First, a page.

Commodity Channel Index also known as CCI is what you call a leading indicator. One that tries to predict price action which means it is useful for finding entry signals.
The Commodity Channel Index – CCI technical Indicator was created by Donald Lambert and was originally used to identify cycles in commodities but works just as well in the stock market or Forex Market. The reason for creating this technical indicator was that Lambert (as well as many other traders) believes that every commodity or stock moves in cycles where the high and low is established within a fixed period.
Trade using the CCI Technical Indicator
The CCI Indicator is one of the more advanced indicators when it comes to the calculation and this is one of the reasons that the popularity of this indicator has risen exponential in conjunction with the increased use of automated charting packages.
The calculation is quite complex but by dividing it up in several bits it’s easier to understand the theory behind the indicator. This is important so the trader knows exactly what Commodity Channel Index tells him.
Recommendations from the creator:
Lambert recommend using 1/3 of the cycle time (High-Low or Low-High) as the average setting. So if the cycle is 30 days then he would use 10 for the calculation of CCI.
- Typical Price – TP is (High+Low+Close) / 3
- 10 Simple Moving Average of The Typical Price – SMATP is the average of TP
- Mean Deviation – MD is (SMATP – TP for every last 10 bars) / 10
After the above calculation and by using a Constant 0.015 we can now calculate the CCI
- CCI is (TP – SMATP) / (0.015 X MD)
Lambert is using the Constant 0.015 so that his values of +100 and -100 would contain approximately 70-80% of the CCI. A shorter CCI will result in closer to 70% of CCI contained whereas a longer CCI will result in closer to 80% contained.
Lambert focused on movement above +100 and below -100. He considers a move above +100 a buy signal as the Commodity Channel Index tells him that the commodity or stock is in a strong uptrend. A move below -100 is a sell signal as CCI indicates that the commodity or stock is in a strong downtrend.
Tips and ideas
We now know how Lambert wants us to use the CCI for entries but can we do better than that?
- Like with any oscillator it is wise to add a filter to avoid taking low odds trades. Add a moving average to determine the trend of the stock and then only take the CCI signal which is with that trend.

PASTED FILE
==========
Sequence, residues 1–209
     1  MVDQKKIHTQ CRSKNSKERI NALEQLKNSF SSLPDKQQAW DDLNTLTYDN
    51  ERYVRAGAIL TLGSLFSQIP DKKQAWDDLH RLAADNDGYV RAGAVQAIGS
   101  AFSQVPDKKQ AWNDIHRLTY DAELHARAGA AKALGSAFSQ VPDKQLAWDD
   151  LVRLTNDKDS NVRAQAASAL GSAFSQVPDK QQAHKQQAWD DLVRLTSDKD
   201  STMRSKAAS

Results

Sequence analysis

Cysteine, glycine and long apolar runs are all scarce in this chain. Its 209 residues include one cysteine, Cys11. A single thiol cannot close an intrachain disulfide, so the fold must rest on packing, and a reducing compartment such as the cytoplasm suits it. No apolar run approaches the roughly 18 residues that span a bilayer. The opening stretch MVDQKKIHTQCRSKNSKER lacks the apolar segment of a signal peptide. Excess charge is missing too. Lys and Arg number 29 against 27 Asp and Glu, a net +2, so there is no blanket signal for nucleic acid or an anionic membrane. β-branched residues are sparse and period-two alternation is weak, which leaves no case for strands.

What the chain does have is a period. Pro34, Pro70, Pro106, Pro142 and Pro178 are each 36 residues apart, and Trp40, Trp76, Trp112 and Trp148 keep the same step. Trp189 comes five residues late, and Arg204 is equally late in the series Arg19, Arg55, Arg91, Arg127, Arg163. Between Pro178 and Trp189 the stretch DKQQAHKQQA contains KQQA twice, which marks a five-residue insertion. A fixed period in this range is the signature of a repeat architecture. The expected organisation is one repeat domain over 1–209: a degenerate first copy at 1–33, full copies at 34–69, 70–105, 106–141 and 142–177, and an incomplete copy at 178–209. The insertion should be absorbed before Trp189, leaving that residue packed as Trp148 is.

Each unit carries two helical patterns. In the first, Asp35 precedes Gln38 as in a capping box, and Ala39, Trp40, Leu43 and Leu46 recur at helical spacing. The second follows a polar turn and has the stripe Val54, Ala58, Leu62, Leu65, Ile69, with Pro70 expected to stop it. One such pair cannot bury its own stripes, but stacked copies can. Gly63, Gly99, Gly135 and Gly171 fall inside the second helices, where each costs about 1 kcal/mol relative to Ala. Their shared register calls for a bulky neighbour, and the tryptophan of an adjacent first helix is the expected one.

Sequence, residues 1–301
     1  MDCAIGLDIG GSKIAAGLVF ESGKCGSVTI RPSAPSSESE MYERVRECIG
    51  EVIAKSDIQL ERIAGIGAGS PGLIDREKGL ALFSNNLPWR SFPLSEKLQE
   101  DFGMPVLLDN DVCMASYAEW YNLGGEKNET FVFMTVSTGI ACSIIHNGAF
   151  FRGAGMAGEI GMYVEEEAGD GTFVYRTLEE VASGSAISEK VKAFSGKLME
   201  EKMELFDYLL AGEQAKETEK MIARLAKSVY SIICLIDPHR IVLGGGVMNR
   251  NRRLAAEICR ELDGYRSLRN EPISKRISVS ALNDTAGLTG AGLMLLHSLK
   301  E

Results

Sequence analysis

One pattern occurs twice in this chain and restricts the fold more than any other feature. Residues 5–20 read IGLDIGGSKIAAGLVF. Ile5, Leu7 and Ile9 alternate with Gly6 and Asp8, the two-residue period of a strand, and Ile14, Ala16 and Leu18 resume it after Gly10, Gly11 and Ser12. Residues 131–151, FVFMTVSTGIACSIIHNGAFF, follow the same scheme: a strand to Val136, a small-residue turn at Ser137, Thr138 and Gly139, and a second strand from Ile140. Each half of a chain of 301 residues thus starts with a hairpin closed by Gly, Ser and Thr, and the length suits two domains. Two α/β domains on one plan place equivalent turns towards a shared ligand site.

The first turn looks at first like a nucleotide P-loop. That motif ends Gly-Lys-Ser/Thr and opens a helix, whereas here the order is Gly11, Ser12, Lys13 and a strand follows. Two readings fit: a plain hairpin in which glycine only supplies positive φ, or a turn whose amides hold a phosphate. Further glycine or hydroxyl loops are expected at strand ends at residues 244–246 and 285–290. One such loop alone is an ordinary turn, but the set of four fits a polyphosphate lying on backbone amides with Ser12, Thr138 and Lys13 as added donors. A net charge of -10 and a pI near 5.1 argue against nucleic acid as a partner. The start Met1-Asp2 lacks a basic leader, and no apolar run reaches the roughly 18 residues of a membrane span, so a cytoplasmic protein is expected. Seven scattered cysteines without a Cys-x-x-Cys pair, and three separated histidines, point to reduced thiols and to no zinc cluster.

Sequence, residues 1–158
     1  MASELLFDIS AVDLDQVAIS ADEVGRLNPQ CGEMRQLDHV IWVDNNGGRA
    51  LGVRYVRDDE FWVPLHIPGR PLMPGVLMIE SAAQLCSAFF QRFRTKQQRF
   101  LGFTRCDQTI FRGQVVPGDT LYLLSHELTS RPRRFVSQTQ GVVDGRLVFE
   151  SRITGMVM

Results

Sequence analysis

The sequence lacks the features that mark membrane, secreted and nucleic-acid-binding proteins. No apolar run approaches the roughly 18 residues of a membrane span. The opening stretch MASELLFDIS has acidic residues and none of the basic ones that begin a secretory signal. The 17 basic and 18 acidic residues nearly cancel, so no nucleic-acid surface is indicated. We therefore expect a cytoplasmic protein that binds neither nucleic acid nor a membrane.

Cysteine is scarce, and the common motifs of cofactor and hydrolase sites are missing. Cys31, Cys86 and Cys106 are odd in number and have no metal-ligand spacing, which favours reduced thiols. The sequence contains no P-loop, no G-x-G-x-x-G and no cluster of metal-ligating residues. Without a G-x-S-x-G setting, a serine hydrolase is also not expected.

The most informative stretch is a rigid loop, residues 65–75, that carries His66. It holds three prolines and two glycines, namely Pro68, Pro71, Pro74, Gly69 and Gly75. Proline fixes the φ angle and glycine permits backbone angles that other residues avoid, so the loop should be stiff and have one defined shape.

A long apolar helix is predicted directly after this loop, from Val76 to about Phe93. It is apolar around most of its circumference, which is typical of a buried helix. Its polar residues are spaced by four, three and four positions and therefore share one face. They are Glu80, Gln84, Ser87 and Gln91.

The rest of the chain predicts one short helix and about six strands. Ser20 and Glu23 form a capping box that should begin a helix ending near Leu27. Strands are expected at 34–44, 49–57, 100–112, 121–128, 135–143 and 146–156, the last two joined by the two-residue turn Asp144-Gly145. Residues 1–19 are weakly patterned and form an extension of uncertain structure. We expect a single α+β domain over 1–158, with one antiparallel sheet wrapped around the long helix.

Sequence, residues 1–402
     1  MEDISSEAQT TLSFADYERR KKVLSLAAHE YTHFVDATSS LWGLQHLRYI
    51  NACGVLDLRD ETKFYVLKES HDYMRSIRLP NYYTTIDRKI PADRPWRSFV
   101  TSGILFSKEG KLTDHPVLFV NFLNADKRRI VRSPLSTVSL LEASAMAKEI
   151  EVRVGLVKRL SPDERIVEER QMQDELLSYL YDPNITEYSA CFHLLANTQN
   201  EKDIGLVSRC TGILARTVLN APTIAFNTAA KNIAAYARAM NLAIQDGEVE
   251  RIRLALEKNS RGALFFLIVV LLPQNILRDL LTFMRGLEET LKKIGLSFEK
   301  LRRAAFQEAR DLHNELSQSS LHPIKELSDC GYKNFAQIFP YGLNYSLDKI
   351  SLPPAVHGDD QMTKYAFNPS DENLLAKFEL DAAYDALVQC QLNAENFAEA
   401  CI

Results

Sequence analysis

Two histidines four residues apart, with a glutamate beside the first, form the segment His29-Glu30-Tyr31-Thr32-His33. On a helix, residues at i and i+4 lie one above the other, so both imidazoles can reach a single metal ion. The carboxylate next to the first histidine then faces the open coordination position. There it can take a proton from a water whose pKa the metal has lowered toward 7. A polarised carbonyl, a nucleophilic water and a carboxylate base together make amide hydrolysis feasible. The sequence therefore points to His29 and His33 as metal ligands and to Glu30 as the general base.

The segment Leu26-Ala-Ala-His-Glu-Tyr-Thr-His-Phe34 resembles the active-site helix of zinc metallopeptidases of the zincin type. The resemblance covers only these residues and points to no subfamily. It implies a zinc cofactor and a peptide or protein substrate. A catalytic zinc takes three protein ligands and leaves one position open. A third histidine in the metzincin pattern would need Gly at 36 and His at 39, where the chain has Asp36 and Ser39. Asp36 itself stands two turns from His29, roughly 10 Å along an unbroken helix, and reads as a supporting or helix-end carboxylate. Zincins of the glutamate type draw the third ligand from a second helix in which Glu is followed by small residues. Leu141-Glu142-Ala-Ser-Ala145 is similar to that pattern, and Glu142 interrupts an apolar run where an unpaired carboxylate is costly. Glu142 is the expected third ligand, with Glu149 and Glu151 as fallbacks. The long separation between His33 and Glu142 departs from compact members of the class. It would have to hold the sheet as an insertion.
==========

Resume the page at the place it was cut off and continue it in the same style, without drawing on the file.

Since the introduction of CCI traders has discovered various new ways to trade using the indicator.
- Some traders use a CCI above +100 and under -100 as overbought and oversold. CCI crossing down under +100 to fulfill the sell signal and CCI crossing up through -100 to fulfill the buy signal. To this signal you can add divergence. If a price makes new low but CCI makes a higher low then we have positive divergence. This can signal a stronger bounce and thereby a better CCI oversold signal.
- Also some traders draw trendlines on CCI and use the break as entry signal. Again, divergence can used to improve the signal of the trendline break. Only take trendline breaks after seeing divergence.
Because I like to add a moving average and go with the trend I find that using CCI as overbought and oversold works better than Lambert’s style of buying “breakout” when CCI crossing up through +100.
I do also trade using the Commodity Channel Index during sideways market but as there is no trend to help with selecting the highest odds trade I like to add divergence to my trade at existing support/resistance areas.
If you thought the calculation of the technical indicator was fun then do we have something great install for you!! Next up is the techncial analysis tool – Fibonacci retracement / extension learn more how this is calculated and how it can be used as part of your trading strategy.